Thursday, November 22, 2012

A thought about girls education

People around the world were shocked by the attempted assassination of 14 year old Malala Yousafzai, as was I. We wondered what kind of people could try to kill a girl for advocating education for girls. Since World War II, people around the world have increasingly believed that education was a fundamental human right. But we should not have been surprised, since there have been many girls schools closed by the Taliban.

Al Arabia: The Afghan Ministry of Education says 550 schools in 11 provinces where the Taliban enjoy popular support have been shut recently.
Part of the problem may be that we too often confound the concept of "education" with that of "schooling". We should not. It is not only the Taliban that dislike the idea of schooling. There is a "home schooling" movement in the United States, with leaders such as Michele Bachman.

I am not an expert on Pakistan, only having been there a few times. I have met women scientists there who are both well educated and long schooled. I have also been in a city in Pakistan where women were not even allowed to work in shops, where one only saw a few women, and I say that I saw women only because I inferred that the moving beings wrapped head to foot in black cloth were female humans. My point is that Pakistan and Afghanistan seem very complex to me, with many cultural groups that have different views on how their girls and women should be educated.

Most people in these countries are poor. Poor women must contribute to their families if the families are to survive. I can not believe that even in cultures in which the schooling of women is opposed are also opposed to girls and women learning important things.

  • Where the traditional role for women includes raising children, who would be against a mother knowing how to properly nourish her children and guard the children's health?
  • Where that role includes preparing the family's food, who would be against the cook learning to prepare food well?
  • Where that role includes home crafts such as making and conserving clothing, who would be against the craft person learning the crafts?
  • Where the role includes some aspects of farming such as care of a kitchen garden or care of micro-livestock, who would be against the woman having learned to carry out those tasks well?
Perhaps those from outside the culture should consider what people within the culture want girls and women to learn. Schools that prepare girls to work outside the home, perhaps in a distant city, may not be what people within a culture want. Foreigners who seek to transplant models of girls schools from rich countries, where such goals are taken for granted, may find considerable opposition in some cultural contexts.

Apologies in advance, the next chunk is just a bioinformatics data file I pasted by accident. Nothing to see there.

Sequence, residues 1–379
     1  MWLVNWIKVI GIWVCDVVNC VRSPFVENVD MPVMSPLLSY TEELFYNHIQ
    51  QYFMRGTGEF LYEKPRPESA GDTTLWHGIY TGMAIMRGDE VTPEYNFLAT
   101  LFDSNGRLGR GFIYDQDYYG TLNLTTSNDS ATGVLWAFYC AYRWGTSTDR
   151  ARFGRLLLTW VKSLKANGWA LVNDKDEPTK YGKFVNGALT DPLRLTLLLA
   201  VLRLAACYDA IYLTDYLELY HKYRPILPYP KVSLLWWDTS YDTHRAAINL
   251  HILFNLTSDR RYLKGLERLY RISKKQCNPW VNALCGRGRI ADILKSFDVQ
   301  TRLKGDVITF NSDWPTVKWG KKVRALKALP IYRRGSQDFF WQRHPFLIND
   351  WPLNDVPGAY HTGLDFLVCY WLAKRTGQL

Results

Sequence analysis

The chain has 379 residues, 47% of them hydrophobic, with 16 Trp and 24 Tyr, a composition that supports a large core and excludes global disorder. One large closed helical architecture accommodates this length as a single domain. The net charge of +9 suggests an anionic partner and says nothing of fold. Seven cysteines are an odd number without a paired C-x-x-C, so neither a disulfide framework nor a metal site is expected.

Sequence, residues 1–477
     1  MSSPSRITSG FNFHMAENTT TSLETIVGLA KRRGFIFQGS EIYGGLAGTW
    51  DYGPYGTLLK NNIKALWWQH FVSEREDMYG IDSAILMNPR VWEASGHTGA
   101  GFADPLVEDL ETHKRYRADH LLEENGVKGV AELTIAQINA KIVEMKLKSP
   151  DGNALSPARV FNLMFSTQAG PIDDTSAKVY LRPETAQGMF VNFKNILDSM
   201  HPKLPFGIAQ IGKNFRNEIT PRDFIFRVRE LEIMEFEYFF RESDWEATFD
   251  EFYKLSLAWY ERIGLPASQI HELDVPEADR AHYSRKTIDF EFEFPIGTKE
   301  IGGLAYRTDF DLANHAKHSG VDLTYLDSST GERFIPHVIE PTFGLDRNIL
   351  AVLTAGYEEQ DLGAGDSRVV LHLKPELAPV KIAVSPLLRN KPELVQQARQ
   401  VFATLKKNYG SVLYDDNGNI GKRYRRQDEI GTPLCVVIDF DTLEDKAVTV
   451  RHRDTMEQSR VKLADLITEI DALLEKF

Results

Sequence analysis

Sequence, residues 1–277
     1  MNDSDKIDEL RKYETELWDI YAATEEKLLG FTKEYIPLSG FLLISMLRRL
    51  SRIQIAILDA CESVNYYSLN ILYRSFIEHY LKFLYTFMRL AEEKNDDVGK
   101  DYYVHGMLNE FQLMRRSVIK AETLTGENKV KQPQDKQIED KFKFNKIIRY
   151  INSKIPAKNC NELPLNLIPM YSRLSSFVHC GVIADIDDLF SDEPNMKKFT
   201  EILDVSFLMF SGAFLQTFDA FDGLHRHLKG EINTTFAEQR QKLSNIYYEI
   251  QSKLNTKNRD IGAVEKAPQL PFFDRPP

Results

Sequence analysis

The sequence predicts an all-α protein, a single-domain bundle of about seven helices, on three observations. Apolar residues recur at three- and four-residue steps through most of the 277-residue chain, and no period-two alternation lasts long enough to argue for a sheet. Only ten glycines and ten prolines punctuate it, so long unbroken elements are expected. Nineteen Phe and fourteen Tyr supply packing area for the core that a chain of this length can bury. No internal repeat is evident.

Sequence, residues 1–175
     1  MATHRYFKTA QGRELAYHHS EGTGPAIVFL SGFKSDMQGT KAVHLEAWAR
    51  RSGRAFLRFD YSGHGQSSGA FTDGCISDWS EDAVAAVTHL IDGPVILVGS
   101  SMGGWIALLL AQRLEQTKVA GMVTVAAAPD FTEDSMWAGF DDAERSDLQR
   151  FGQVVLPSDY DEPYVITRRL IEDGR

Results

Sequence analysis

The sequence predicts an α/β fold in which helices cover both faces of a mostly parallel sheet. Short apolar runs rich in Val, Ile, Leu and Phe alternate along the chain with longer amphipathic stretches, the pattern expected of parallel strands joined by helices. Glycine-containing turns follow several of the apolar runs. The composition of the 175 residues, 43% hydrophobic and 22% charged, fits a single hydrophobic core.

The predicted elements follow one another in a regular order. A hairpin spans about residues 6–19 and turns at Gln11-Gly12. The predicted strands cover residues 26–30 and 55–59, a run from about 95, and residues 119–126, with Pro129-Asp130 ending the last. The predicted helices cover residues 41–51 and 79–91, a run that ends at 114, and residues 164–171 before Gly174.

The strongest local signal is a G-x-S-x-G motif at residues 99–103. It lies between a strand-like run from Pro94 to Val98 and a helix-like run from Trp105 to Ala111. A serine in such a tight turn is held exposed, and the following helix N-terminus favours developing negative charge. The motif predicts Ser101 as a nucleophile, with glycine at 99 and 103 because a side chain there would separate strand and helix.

If indeed, one wants women to learn skills and understanding useful within their own cultural contexts, perhaps schools are not the best alternative. Would it not be better to help women to learn things that they want to learn about raising children when they are mothers and motivated, rather than when they are young girls with decades to forget those lessons before they are used. Would it be better to provide learning opportunities in mothering in homes rather than in schools, and are the right sources of the information "teachers" or "other mothers".

Perhaps the mind sets of "lifelong learning" and "just in time learning" might be combined with ideas of community development and the use of a variety of media (adult groups, radio, television, theater, etc.) to do a better job of facilitating learning. Perhaps cultural approaches learned from anthropology and community development could be used to discover what knowledge, skills and understanding are most valued for girls and women by the community.

All this of course, in the context that the world is changing quickly, even for poor girls and women in South Asia. Learning to learn may well be the most important lesson for us all.

I do not mean to suggest that there is no role for schools for girls in these countries. Many, many people want schools for their girl children as well as for their boy children. In many places it is safe to school girls. I simply mean to suggest that education planners should explicitly consider the culture and cultural precedents and consider alternatives to achieve desired ends. This seems obvious for foreigners working in aid programs, but I have found that often the bureaucrats in developing country governments can also benefit from formal cultural investigation since the subcultures of those who get the education to become bureaucrats may be quite different than those of most people in the country.

My friend Laura also points out that there are many ways to use schools to promote learning besides formal classroom instruction for children. The school building can be a very useful site for community meetings, and schools often have media connectivity that can be used by adults when  not being used by classes.

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